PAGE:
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Accelerating Solr App Development

Overview

We recently began hosting the Solr search infrastructure for a Sitecore client who was looking for increased search performance and scalability. Naturally, they selected a Solr solution. Our client, a large Australian government entity, would see frequent high bursts of traffic and search activity. Their Sitecore deployment is hosted on Microsoft’s Azure Platform as a Service (PaaS).  They needed a highly available and resilient Solr setup on Azure to deal with their traffic spikes.

In addition to the bump in performance and scalability, they were also looking to accelerate their Sitecore search deployment, testing, and release cycle times. Our client wanted to accelerate Solr app development by integrating their automated testing routines to ensure quality releases and minimized cycle times. They wanted to utilize APIs to programmatically create Solr search clusters, utilize them for their automated testing runs, and then tear them down. This has numerous benefits over creating these deployments manually each time OR creating the deployments and letting them sit idle in between releases. In this article, we’ll talk about what we did to help our client meet their goals.

Search Automation

Setting up a search cluster using open-source software such as Solr from scratch can be painful.  Some of the things that an engineer would have to do to set up a cluster include:

  • Allocating Hardware
  • Choosing and installing an Operating System
  • Configuring Disk layouts including swap space, system volumes, and data volumes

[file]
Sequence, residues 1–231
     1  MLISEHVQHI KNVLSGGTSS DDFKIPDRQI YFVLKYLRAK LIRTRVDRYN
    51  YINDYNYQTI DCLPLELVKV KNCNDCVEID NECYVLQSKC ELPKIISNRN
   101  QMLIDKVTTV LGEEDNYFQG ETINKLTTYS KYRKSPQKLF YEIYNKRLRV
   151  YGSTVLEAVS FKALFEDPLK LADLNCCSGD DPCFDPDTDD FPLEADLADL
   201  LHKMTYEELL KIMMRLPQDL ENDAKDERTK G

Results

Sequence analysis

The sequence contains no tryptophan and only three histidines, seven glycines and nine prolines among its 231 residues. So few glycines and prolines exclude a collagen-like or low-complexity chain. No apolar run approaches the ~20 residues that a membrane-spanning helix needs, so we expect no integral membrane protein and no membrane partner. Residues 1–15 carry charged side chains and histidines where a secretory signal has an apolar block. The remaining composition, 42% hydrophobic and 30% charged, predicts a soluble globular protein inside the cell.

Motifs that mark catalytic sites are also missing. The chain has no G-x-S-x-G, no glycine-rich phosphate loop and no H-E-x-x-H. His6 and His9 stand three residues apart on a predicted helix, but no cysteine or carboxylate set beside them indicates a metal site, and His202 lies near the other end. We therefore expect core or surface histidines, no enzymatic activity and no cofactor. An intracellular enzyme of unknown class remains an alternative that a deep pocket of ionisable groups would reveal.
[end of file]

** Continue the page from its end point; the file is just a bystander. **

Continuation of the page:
• Setting up a zookeeper cluster
  • Configuring Solr parameters
  • Setting up and configuring a load balancer
  • Setting up monitoring and alerting
  • Many more fiddly details

 

Doing the initial setup can easily take an entire day or more, even for experienced engineers.  And once the system is set up, there is another matter of maintaining the cluster, attending to issues like OS patch upgrades, disk failures, node crashes, etc.

 

Fortunately, software such as SearchStax can ease the pain of setting up a cluster by leveraging modern automation and cloud technology.  With SearchStax, a cluster can be setup in minutes by filling out some simple forms and pushing a button.

 

Point-and-click cluster creation is an amazing feat of modern computation.  However, it turns out that automation techniques can be leveraged even further.  By providing a provisioning API, a cluster can be set up by an automation job, requiring zero human intervention.

 

Why would one want to set up a cluster via an API?  The primary use case for programmatic cluster creation is for integration of testing automation.  While production search environments are long-lived, testing environments tend to be of an ephemeral nature: a cluster is created, tests are run, and the cluster is torn down.  Of course, semi-permanent dedicated clusters can be provisioned for test environments.  This has several downsides:

  • There is a cost to having hardware up and running while it is not being utilized
  • Long-running clusters suffer from bit rot – they can become outdated, and accumulate crusty data and configuration
  • Once a cluster is set up, it is non-trivial to reconfigure it.  For example adding additional nodes or changing storage capacity require specialized knowledge and careful attention to detail.